U.S. Government shutdown 2013: How has it affected geomorphological research?

On the morning of the 1st October 2013, we woke up to news that the U.S. government were shutting down “non-essential” government departments. Without going into the details here, congress failed to reach a resolution of government budgets prior to the start of the 2014 fiscal year (starting 1st October 2013). This meant that around 800,000 federal employees were told to not come into work – indefinitely, until a resolution is reached.

Amongst the non-essential U.S. government departments are the U.S Geological Survey (USGS) – the department that manages LandSat aerial imagery and U.S. water gauges (amongst countless other resources). Also affected is the U.S. National Science Foundation  (NSF) which will have knock-on impacts for the reviewing and awarding of research grants – researchers that have recently applied for grants will have to expect long delays here. Moreover, if the government shutdown continues through to the end of the month, this year’s U.S. Antarctic research season will have to be cancelled through a lack of funding. UPDATE: The NSF have confirmed that this year’s U.S. Antarctic research season has now been cancelled due to the government shutdown

Image

An all too familiar sight?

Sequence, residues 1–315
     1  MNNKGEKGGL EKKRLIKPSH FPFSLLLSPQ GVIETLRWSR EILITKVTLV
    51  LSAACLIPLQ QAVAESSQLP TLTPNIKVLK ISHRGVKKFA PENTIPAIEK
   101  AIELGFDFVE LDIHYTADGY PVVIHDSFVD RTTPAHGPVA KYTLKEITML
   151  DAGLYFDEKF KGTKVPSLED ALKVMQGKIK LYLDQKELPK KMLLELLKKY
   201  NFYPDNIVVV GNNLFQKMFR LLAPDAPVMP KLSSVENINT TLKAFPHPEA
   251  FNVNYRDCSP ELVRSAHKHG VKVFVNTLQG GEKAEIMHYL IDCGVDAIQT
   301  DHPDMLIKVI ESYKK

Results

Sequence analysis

After discussions with geomorphologists here in the UK, it is evident that this has had a large impact on certain research projects – especially those with a strong remote sensing focus. A large proportion of people that have been most affected are postgraduate researchers – probably due to the tightly constrained nature of postgraduate research projects to enable completion within 3 years. However, what was also interesting was to hear from a number of students within the new cohort of research postgraduates that have also been held up by not allowing them to acquire data (e.g. aerial imagery or stream flow data). Although it is still early in their research projects, a number of these new postgraduate students are masters research students that already had a tight time-frame to complete their project within (1 year).

I am wondering, considering that prior to this shutdown digital data could be viewed as an on-demand and an always-on service for the digital age, did many people have contingency plans in place for this? To those that have been affected, have you been able to switch over to something else fairly easily? Can this be sustained for the next month if need be?

To those that are not reliant on USGS data, have you been affected in any other way by the U.S. government shutdown? Maybe the closure of U.S national parks has forced you to cancel fieldwork at the last minute? Or maybe a conference you were due to attend has been cancelled due to reasons pertaining to the government shutdown?

If your research has been affected by the US government shutdown, then please comment below – I think we are all interested into how this has affected research within our field and also the breadth of research projects that have been affected by this. 

Thanks for reading and please do contribute to discussions below – I will synthesise the discussions within a later blog post.

 

If you would like to discuss this further, but would rather not comment below then please email me (adam.trueman@durham.ac.uk). 

Adam

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